Tuesday, October 09, 2012

Autumn in Quebec's Eastern Townships: Wine, walks, villages, cozy inns


Domaine Pinnacle in all its autumn colors. 
A number of autumns ago I spent time in Quebec's Eastern Townships (Cantons de l'Est), and what a beautiful season to be in this part of Canada. The leaves are changing, there's a hint of wood smoke in the air, and it's a fine time to bundle up and go for a walk and soak up the fading sun. 

This is the province's agritourism and wine growing region, and the Wine Route (Las Route des Vins) links 16 wineries and nine communities along the 140 km (80 mile) trail. It's also an area of holiday resorts, cozy inns and charming villages. And yes, fabulous cuisine.

Domaine Pinnacle was my first stop, owned by Susan and Charles Crawford. The 430-acre apple orchard and cidery is located on the southern slopes of Pinnacle Mountain near the historic village of Frelighsburg, one of 35 Most Beautiful Villages of Quebec. With its location on the 45th parallel, plus sunny summers and icy cold winters, it's well suited for apple production. The first sparkling ice cider in the world was launched here. 
Cidrerie Fleurs de pommier is now Union Libre. 
Nearby in Dunham is Union Libre, a 75-acre estate that produces fire ciders, ice ciders and sparkling ciders. Formerly home to Cidrerie Fleurs de pommiers, the estate was purchased in 2010 by four young professionals: Martine St-Onge, Remi Fillion, Anouschka Bouchard and Francois Busque. They are producing cider and wine "that evokes the union of knowledge and the freedom of the senses in order to create unique aroms, flavors and textures in a spirit of creative freedom." Hence the name, Union Libre! Wine will be available in 2013, and a number of guided tours with tastings are offered for a nominal fee.
Sabering a bottle of sparkly at Vignoble de l'Orpailleur! 
Another vineyard, Vignoble de l'Orpailleur, was established in 1982. Two of the main varieties of grapes include Marechal Foch and Chancellor, and many of the vines are 30 years old. In fact, it's the oldest vineyard in Quebec. On site are wine tasting, wine tours and The Corkscrew, a seasonal restaurant.  The ECONOMUSEE (Economuseum) of vines and wine includes artifacts from the past and the history of wine via the winemaker, harvesting and production techniques.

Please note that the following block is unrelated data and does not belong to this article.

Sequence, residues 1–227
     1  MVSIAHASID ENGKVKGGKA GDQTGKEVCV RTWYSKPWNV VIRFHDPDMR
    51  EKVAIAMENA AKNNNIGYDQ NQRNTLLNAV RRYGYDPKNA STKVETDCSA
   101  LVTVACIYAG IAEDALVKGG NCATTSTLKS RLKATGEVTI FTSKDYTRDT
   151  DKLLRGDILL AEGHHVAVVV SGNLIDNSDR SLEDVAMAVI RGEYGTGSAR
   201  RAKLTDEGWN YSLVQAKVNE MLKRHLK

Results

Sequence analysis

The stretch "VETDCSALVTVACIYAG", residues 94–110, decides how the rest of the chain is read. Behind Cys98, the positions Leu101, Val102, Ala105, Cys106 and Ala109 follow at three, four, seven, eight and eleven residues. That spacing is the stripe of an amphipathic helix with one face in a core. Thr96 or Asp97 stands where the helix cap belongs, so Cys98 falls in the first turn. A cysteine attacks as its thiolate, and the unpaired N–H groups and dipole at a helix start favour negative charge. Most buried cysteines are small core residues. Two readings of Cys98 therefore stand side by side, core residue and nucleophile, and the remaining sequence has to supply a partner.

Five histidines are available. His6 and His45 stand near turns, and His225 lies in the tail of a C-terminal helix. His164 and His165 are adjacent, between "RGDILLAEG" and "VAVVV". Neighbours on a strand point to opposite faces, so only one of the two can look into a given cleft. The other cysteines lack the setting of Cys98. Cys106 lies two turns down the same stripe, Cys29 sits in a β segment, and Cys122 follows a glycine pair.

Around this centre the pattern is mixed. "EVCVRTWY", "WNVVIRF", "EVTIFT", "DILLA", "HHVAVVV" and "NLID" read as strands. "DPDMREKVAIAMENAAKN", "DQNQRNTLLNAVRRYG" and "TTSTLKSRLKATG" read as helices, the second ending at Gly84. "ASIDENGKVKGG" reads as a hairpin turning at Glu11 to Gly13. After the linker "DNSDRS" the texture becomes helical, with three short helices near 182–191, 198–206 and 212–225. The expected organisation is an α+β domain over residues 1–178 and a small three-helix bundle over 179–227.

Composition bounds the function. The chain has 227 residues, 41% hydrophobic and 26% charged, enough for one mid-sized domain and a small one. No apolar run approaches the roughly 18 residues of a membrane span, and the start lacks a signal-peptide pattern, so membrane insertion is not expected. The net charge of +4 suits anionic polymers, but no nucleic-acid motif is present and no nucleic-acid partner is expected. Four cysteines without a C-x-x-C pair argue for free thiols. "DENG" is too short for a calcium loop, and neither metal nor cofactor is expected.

Chocolates at Musee du chocolate. 
For a sweet stop, don't miss the Musee du chocolat in Bromont. Michael Bilodeau and Serge Bedard opened a chocolate making business in 1986, and eight years later they added a chocolate museum. There's also a small resto on site.
Duck leg confit salad at Auberge Quilliams.
For lunch, Auberge Quilliams is a lovely spot. It's located on Brome Lake near the village of Knowlton, in a hotel/spa complex. The restaurant also serves dinner, and outdoor activities include private access to the Quilliams Wildlife Reserve (they offer a two-hour marsh exploration by canoe or kayak) and an outdoor pool and private beach on the lake for guests.


Manoir Hovey is a member of Relaix & Chateaux.
I stayed at Manoir Hovey (Hovey Manor) in North Hatley, where I had a cozy room in a tranquil setting. Located 75 minutes east of Montreal, it's on the shores of Lake Massawippi. Looking a lot like George Washington's Mount Vernon home, it turns out that it was built as a private estate modeled after the the first US President's home. Since 1950, it has been a resort inn and is a member of Relais & Chateaux. North Hatley is a popular summer colony for Americans, located just 20 minutes north of Vermont.
Lots of walking and hiking at Mont Orford.
After cocktails in Manoir Hovey's Tap Room Pub and a leisurely dinner in Le Hatley Restaurant (don't miss the cheese cart, touted as the largest in the province), I turned in for the evening. Following breakfast the next morning, it was on to Magog to explore the villages boutiques and have a bite to eat. Nearby is the Mont Orford resort, a scenic locale with miles of walking and hiking trails, accessible by gondola. In winter, it transforms into a popular ski area.

Stanstead's claim to fame is its location on the Canada-United States border across from Derby Line, Vermont. The Haskell Free Library and Opera House, built between 1901-1904, is unique since library patrons from either side of the border may enter the building without passing through customs. The international boundary is marked with a black line across the floor (a popular place for picture posing!). The entrance and half of the reading room are in the US, whle the other half of the reading room and all of the books are on the Canadian side.
The border runs through the Haskell Free Library.
The situation is the same in the Opera House upstairs. The stage is in Canada, but the majority of seats are in the US! In addition to its unique location, the building is known for its architecture and lavish interiors. The Library has a collection of 20,000 books plus a French-language section with another 4,500 volumes. Original curtains, sets and props designed and painted by Boston scenery painter Erwin LaMoss in 1902 are still intact in the Opera House. They are the last of his works known to survive.
Autumn morning in North Hatley, Quebec.


Photos by Sue Frause